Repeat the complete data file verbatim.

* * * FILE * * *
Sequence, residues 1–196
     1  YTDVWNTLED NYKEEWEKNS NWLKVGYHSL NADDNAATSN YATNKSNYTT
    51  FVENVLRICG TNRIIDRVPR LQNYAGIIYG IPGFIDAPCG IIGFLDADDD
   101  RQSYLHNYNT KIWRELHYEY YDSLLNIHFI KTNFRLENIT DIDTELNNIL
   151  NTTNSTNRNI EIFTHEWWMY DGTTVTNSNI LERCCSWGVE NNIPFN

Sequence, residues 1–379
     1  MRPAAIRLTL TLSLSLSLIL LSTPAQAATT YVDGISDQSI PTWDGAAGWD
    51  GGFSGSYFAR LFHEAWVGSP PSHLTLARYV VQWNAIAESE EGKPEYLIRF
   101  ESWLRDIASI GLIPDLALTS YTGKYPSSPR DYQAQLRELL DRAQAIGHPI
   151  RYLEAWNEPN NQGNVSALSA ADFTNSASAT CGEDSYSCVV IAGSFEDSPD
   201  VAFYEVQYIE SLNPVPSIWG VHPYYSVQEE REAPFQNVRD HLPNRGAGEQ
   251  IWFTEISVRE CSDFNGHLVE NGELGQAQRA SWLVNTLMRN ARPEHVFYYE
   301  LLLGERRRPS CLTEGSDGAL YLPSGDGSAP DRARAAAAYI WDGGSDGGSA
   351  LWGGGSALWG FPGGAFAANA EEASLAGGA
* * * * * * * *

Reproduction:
Sequence, residues 1–196
     1  YTDVWNTLED NYKEEWEKNS NWLKVGYHSL NADDNAATSN YATNKSNYTT
    51  FVENVLRICG TNRIIDRVPR LQNYAGIIYG IPGFIDAPCG IIGFLDADDD
   101  RQSYLHNYNT KIWRELHYEY YDSLLNIHFI KTNFRLENIT DIDTELNNIL
   151  NTTNSTNRNI EIFTHEWWMY DGTTVTNSNI LERCCSWGVE NNIPFN

Sequence, residues 1–379
     1  MRPAAIRLTL TLSLSLSLIL LSTPAQAATT YVDGISDQSI PTWDGAAGWD
    51  GGFSGSYFAR LFHEAWVGSP PSHLTLARYV VQWNAIAESE EGKPEYLIRF
   101  ESWLRDIASI GLIPDLALTS YTGKYPSSPR DYQAQLRELL DRAQAIGHPI
   151  RYLEAWNEPN NQGNVSALSA ADFTNSASAT CGEDSYSCVV IAGSFEDSPD
   201  VAFYEVQYIE SLNPVPSIWG VHPYYSVQEE REAPFQNVRD HLPNRGAGEQ
   251  IWFTEISVRE CSDFNGHLVE NGELGQAQRA SWLVNTLMRN ARPEHVFYYE
   301  LLLGERRRPS CLTEGSDGAL YLPSGDGSAP DRARAAAAYI WDGGSDGGSA
   351  LWGGGSALWG FPGGAFAANA EEASLAGGA